September 4, 2010 by Post Team
Philosopher Blaise, Almost all rational decisions we make in life is one based on what I assume is the expected result. We make our choices to maximize our gains and minimize our losses, while trying to push our expected value of each specific outcome. To better understand this process, it could be useful to examine the decision-making process of a hypothetical example.
Suppose you just finished eating his favorite treat, a chocolate brownie, when you realize you have nothing to drink. I’ve realized the situation and graciously offered a glass of milk, but caution that I had put arsenic in drinking. Although we are known only you know the following information about me: I’m psychotic, I have access to arsenic, and tell me the truth 67 percent of the time. While you are very thirsty, and the temptation to drink milk, you are not ready to die yet. What should you do?
To determine the most rational, you have to determine the expected value for each outcome. The expected value (EV) is the probability of an outcome multiplied by the payment less the costs of that choice: EV = (probability x Payment) – Cost.
Based on my propensity to make honest declarations, you assume the probability of poisoned milk by 67 percent. The reward-to the benefit of drinking milk is a little harder to determine. Suppose you earn no pleasure in life than eating brownies and washing down with milk. We can measure this pleasure in units of brownies and milk (BM) and use that as our base for a reward. The glass of milk consumption will be given a BM of pleasure while the cost would result if the milk were poisoned.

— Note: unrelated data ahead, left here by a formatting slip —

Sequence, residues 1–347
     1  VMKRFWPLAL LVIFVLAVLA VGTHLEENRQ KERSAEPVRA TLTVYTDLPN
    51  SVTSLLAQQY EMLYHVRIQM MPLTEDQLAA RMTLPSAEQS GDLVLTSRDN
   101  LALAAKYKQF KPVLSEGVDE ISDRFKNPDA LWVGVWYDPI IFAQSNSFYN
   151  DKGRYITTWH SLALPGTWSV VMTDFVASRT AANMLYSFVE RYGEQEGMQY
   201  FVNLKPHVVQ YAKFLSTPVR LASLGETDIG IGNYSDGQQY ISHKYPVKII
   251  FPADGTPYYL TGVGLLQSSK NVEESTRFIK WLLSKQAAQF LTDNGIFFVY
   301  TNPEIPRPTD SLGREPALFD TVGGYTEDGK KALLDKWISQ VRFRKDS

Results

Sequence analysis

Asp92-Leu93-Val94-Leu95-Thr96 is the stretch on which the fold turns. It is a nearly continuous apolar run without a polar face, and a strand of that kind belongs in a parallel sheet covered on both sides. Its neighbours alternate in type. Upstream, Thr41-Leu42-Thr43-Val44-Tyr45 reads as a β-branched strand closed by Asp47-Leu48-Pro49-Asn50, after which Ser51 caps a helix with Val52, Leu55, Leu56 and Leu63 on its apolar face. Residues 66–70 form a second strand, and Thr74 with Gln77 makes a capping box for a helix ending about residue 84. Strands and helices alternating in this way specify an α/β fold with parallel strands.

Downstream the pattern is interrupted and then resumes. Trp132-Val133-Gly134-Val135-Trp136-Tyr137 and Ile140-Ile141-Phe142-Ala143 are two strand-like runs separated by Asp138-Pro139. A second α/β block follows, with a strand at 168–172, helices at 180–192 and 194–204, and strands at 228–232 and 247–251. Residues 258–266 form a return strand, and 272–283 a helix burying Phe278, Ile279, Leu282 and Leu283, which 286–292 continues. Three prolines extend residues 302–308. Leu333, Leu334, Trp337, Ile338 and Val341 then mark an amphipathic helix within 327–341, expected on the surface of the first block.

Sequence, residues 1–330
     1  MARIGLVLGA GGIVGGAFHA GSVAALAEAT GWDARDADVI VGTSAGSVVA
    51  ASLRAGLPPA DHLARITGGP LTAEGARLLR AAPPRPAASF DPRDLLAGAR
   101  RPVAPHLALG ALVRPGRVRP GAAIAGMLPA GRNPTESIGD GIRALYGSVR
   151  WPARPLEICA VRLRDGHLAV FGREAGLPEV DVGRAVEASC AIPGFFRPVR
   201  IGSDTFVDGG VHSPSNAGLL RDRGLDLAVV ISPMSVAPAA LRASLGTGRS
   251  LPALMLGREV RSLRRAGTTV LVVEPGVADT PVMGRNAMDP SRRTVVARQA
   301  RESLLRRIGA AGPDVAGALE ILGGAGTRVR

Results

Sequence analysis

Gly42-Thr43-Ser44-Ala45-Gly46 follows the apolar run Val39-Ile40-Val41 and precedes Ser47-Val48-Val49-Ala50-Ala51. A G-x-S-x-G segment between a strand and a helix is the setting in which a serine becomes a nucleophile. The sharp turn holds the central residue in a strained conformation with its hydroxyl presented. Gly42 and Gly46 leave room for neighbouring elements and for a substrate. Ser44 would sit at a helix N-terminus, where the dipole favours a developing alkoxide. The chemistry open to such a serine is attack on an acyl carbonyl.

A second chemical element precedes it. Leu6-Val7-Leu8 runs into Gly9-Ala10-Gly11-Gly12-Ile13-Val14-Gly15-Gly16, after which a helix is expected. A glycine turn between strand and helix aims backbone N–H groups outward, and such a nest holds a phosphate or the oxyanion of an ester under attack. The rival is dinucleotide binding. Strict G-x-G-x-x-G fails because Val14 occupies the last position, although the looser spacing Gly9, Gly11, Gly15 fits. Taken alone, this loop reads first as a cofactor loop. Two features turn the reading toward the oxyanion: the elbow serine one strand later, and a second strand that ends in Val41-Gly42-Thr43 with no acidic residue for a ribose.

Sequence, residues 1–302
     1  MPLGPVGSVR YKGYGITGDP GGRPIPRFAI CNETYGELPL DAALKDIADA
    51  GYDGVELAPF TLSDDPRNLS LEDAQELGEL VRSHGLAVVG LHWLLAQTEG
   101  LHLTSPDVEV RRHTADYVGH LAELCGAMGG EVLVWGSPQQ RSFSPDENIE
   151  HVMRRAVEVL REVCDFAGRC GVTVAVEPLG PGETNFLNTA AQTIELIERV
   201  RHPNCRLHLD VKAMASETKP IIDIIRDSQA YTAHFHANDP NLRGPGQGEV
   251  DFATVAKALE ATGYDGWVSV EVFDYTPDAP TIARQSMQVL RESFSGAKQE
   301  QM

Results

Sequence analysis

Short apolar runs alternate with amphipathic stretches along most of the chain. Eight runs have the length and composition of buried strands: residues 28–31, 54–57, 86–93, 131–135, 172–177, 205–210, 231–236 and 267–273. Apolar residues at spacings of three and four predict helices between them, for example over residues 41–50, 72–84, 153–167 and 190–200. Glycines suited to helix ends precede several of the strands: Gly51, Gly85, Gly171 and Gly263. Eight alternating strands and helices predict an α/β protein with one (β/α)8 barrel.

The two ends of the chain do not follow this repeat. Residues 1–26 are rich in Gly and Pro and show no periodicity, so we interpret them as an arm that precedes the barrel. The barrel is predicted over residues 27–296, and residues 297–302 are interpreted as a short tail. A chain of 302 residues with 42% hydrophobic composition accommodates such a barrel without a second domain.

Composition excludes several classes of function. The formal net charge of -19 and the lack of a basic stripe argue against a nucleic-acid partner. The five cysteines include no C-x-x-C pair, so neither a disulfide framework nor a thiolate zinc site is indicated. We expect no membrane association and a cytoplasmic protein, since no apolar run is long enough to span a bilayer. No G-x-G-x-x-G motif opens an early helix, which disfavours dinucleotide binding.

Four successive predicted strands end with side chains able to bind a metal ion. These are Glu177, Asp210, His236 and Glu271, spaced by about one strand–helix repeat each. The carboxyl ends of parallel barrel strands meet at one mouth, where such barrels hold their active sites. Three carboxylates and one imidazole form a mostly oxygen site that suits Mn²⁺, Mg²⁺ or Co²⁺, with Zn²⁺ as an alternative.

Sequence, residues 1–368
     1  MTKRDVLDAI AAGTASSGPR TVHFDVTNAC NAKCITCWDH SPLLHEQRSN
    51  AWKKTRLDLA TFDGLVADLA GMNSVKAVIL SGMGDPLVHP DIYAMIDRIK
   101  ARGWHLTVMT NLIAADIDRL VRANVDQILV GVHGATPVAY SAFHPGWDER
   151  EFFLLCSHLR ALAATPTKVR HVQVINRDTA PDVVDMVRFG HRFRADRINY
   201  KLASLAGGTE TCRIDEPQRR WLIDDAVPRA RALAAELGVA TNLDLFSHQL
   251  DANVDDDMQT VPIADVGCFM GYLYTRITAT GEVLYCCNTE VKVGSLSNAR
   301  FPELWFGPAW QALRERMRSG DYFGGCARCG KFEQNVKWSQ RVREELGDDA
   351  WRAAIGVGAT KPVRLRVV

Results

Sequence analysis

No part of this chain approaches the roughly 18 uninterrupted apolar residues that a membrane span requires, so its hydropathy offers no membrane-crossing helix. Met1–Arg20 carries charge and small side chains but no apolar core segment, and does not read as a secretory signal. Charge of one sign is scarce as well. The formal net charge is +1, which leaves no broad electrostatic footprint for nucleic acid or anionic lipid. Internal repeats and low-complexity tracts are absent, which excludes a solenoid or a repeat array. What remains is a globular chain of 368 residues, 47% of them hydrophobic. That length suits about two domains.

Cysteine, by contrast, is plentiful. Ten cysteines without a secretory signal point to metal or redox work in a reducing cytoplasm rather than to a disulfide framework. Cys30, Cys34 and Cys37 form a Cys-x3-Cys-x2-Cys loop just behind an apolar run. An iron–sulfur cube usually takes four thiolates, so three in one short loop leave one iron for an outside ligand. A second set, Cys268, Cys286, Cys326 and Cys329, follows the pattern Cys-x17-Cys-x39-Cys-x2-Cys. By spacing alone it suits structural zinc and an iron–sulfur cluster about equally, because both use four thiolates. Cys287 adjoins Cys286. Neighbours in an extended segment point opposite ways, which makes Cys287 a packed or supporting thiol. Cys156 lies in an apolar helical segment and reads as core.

For this example we will pretend that you are a man of 50 who enjoys this snack once a day. On the basis of a life expectancy of 72 years, can expect to have 8030 evacuation of pleasure in life (22 years x 365 days x 1 MB). Connected to this formula we obtain the following two results:
Assuming that the milk is poisoned “(67 percent x 1BM) – 8030 = BM – 8029.33
Assuming that the milk is not poisoned (33 percent x 1BM) – 0BM = 33
Since the cost of drinking the milk is much greater than any pleasure you can receive, the rational choice would be to avoid milk (and to stay as far away from me as possible).
There is, however, a 33 percent chance that the milk is not poisoned. In the short term you may get lucky and beat the odds and received a BM from the pleasure of drinking. But if the example is repeated you would, more often than not end up with severe stomach pain before falling dead. A rational player, therefore, always refuse the milk.
The French mathematician and philosopher Blaise Pascal claimed that we are making a similar bet when it comes to God. By the way we live our lives that are either betting that there is a God or there is not. Since there are no third options, we either take the decision, either by omission or ignorance of the rational choice.
However, Pascal also believes that there is overwhelming evidence that can eliminate any doubt about which option we choose. Practical reason may help us determine which is more probable, but ultimately may decide the matter one way or another. What we can do, according to Pascal, is making a rational bet.
For the sake of argument, let’s assume (as Pascal does) that the evidence leads us to choose between Christian theism and atheism. * Each choice will lead to different expected values based on single payments and costs.